Most of the auto parts stores that sell you the oil will get the old oil back if you empty it into the new oil containers. It's dirty work, but don't throw it on the floor. It's not going anywhere, it's really bad for the environment, and it's very likely illegal.
Step 10. Lastly, after your first ride, be sure to check the oil level as well as that the filter, drain bolt, and fill gauge are tight
Step 11. Congratulations
- Remember, hot oil flows much better, so it's best if you do a 10 minute spin before removing the drain bolt. This will help “clean” the inside of your engine and will let it come out easily. The oil is going to come out hot and fast, so be careful!
- Thoroughly clean the area around the bolt as well as the bolt itself. This makes it easier to locate a leak after you fill it up with new oil. It also prevents dust from getting into the engine from the oil pan. If you see a leak after filling it, maybe you didn't tighten the drain bolt enough, or maybe you over-tightened it. More importantly, if you leave oil around it, it will attract lots of dust and will make a mess in the area.
- You don't want dust and dirt from your tools and your shop to get into the engine, so clean them before (and after), and keep the area clean! Small particles of sand in the oil can destroy your engine!
- If you have a sports bike, chances are your oil filter is surrounded by the exhaust heads. Burned oil stinks, so try to keep the oil away from the hot exhaust pipes - get some aluminum foil and place it over the headers just below the filter connection!
- Getting rid of oil is always annoying. Put it in a (clean) bottle of detergent or bleach, as they are sturdy and have a good screw cap. Most landfills will accept the oil if you are a resident, and sometimes they only receive it on a certain day. Don't dump it on the ground or in the drain.
- Make sure you don't over-tighten your drain bolt. The oil container is normally made of aluminum and is no match for the steel bolt threads. A swept container for oil can be very annoying. The drain bolt has to be adjusted to the pressure specified in your user manual and no more.
- Overfilling your engine increases oil pressure, straining the seals. Think about this. Racing drivers typically run their cars / bikes on even less oil than manufacturers recommend as they deal with minimal oil to keep weight down. And think about how hard the engines run. Stay on the "not choked" side and fill your tank 1/3 above the empty marker. Just check it out often as you should always!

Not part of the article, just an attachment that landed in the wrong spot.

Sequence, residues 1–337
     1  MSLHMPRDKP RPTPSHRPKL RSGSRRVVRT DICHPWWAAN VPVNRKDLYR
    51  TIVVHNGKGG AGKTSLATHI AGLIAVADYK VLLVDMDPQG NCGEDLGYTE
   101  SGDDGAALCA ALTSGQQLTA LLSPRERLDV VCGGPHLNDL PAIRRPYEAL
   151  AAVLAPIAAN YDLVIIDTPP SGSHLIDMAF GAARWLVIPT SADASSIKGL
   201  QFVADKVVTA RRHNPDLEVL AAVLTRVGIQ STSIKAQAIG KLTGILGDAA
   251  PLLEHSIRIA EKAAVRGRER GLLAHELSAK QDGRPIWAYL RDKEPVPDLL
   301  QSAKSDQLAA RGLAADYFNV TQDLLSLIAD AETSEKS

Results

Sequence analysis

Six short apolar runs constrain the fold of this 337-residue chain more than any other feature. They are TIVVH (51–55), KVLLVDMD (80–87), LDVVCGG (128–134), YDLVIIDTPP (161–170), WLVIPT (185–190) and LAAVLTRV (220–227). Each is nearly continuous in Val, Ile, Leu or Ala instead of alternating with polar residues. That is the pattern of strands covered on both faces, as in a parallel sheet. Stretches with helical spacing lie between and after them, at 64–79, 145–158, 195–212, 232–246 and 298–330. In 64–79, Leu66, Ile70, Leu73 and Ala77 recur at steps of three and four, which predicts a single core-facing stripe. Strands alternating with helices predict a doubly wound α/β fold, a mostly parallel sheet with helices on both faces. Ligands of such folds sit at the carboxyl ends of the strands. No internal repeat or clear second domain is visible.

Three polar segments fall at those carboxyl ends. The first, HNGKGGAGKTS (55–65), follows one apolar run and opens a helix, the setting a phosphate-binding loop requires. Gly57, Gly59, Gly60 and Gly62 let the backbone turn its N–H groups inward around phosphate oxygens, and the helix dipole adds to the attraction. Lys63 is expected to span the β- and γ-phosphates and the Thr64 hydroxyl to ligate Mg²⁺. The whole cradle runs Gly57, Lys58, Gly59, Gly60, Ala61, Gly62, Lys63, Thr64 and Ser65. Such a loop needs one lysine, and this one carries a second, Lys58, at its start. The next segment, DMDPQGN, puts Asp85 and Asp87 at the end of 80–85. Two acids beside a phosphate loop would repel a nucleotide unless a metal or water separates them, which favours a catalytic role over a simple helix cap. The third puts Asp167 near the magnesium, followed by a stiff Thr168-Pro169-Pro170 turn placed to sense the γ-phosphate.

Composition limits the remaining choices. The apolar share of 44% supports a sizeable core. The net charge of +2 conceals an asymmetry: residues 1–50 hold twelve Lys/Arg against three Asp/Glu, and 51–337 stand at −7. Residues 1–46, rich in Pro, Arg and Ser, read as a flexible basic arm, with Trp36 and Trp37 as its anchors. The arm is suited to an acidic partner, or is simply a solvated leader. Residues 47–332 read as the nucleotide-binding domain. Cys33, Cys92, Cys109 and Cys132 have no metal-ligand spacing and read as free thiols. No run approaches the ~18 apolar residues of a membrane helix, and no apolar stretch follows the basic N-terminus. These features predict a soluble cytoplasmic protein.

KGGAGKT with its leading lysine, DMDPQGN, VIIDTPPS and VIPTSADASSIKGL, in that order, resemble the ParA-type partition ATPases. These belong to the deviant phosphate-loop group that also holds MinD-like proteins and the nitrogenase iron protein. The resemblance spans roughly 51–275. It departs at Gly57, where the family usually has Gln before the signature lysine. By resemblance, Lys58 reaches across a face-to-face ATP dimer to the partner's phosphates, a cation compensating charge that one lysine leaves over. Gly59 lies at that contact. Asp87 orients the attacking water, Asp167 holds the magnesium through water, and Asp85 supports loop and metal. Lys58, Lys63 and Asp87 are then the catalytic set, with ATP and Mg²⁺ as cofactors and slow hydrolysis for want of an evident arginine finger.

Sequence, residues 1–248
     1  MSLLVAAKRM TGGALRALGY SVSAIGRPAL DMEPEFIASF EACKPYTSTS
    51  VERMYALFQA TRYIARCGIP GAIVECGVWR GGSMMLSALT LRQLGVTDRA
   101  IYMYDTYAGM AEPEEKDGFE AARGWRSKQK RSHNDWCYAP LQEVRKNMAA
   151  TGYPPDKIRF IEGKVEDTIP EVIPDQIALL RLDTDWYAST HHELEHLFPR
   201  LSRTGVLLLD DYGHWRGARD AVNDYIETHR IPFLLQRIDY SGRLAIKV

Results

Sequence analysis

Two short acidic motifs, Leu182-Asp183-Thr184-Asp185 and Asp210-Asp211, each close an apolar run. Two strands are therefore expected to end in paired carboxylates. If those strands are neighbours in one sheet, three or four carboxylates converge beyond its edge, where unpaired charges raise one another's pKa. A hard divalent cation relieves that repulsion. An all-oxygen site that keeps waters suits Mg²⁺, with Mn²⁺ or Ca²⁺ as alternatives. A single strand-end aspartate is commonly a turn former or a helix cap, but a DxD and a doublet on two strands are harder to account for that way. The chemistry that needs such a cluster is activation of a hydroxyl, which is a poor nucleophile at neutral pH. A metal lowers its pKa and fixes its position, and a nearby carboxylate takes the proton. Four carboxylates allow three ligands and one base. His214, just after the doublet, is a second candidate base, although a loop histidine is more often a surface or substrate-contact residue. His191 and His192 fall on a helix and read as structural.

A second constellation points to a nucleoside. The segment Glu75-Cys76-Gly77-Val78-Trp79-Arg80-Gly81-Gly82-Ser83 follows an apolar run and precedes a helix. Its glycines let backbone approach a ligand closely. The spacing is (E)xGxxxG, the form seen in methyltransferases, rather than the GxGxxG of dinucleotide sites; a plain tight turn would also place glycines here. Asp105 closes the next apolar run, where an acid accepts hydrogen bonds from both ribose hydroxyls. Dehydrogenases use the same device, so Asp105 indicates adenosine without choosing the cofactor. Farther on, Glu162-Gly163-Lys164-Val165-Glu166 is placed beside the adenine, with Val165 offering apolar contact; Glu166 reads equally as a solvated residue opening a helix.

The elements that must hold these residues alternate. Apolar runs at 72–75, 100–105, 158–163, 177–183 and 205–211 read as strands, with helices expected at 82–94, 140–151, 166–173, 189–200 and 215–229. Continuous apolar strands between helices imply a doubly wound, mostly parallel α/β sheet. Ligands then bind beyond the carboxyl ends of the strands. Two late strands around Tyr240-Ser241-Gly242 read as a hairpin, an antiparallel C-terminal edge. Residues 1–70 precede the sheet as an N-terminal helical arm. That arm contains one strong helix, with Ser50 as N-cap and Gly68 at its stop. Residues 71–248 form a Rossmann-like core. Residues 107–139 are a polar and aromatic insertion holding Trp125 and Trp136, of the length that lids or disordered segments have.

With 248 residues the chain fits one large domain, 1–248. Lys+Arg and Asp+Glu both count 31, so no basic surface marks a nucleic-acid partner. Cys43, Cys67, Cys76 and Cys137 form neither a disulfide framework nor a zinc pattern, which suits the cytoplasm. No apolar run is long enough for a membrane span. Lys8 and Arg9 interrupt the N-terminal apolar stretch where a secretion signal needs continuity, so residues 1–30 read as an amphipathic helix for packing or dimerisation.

- Hot oil is hot! Be careful as you can burn yourself.
- Never smoke or use a lighter while changing the oil, charging batteries, or working with any part of the fuel system (tanks, lines, carburetors, injectors, etc.)
- Oil is not that flammable, but the fuel that may have contaminated your oil is. Oil burns, just so you know, but it needs a much stronger heat source than a cigarette or lighter. You may have had a stuck carburetor float anyway and you haven't realized it, and now you have a lot of fuel mixed with the oil in your gearbox. If a float sticks, the excess fuel has to drain down the drain. Sometimes if the line gets pinched, stuck, or stalls overnight, the contents of the entire fuel tank can find its way into the air cleaner and gearbox. It may only stick for a short time, resulting in a small loss of fuel, but any amount of fuel in the gearbox is very, very bad. If this happens, changing your oil indoors can result in a fire / explosion. A quick way to know what you're dealing with in advance is to remove the cap from the fill chute, bring your nose close to the hole, and take a breath. If you smell gasoline, move everything outside to a well-ventilated area. Also, you are going to need to find the source of the fuel leak as quickly as you can. If you have a stuck float, it is going to cause all kinds of problems. Gasoline is also going to contaminate your new oil and that can cause permanent damage to your engine. Diluted oil is bad oil!
Things you are going to need
- Oil filter
- Washer for oil bolt
- Open end wrench (or pliers and sockets for the same)
- Drain tray
- Filter removal tool (an old leather belt is sufficient)
- Cleaning rags
- Aluminum foil
- Torque wrench (recommended)
- Owner's or service manual